Ronnie Kasrils and Max Ozinsky, two Jewish veterans of the South African liberation struggle, issued a Declaration of Conscience on the Israeli-Palestinian Conflict by South Africans of Jewish Descent in 2001, which noted agreement with the following statement of a fact-finding report by South African Parliament members who visited the Middle East in July 2001: “It becomes difficult, particularly from a South African perspective, not to draw parallels with the oppression experienced by Palestinians under the hand of Israel and the oppression experienced in South Africa under apartheid rule.”(4)

John Dugard, South African legal scholar and current UN Special Rapporteur on the Situation of Human Rights in the Palestinian Territories, wrote this year in his report to the UN that “Israel’s laws and practices in the OPT certainly resemble aspects of apartheid . . . and probably fall within the scope of the 1973 International Convention on the Suppression and Punishment of the Crime of Apartheid.”(5)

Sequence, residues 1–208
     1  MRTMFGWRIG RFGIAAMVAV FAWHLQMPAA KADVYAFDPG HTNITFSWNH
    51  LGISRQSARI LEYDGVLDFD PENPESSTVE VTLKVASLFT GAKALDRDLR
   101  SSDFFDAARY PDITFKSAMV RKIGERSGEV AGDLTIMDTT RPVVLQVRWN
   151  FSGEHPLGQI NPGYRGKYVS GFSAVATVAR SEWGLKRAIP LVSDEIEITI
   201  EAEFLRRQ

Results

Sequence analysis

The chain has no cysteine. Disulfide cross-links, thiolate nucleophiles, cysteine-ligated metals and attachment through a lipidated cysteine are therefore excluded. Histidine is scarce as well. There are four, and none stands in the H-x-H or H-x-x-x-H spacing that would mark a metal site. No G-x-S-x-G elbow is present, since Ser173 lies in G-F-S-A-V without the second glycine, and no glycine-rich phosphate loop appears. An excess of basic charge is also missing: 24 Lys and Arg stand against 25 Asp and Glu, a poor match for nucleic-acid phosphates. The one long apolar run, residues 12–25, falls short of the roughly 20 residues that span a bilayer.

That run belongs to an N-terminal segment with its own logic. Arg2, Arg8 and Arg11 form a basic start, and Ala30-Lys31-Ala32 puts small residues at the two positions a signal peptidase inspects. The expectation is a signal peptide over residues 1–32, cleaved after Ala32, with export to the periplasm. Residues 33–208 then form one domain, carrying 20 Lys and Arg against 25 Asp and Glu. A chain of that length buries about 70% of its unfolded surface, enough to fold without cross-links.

B’tselem, a well-respected Israeli human rights organization describes the extensive checkpoint system in the OPT as “the only of its kind in the world…bring[ing] to mind dark regimes of the past, such as the Apartheid regime in South Africa.”(6) The analogy has also been used in Israel by political leaders, like former Education minister Shulamit Aloni (“through its army, the government of Israel practises a brutal form of Apartheid in the territory it occupies”)(7) and former attorney general Michael Ben-Yair (“In effect, we established an apartheid regime in the occupied territories immediately following their capture. That oppressive regime exists to this day.”).(8) Perhaps the most famous use of the analogy appears in the title of former President Jimmy Carter’s 2006 book, Palestine: Peace, Not Apartheid.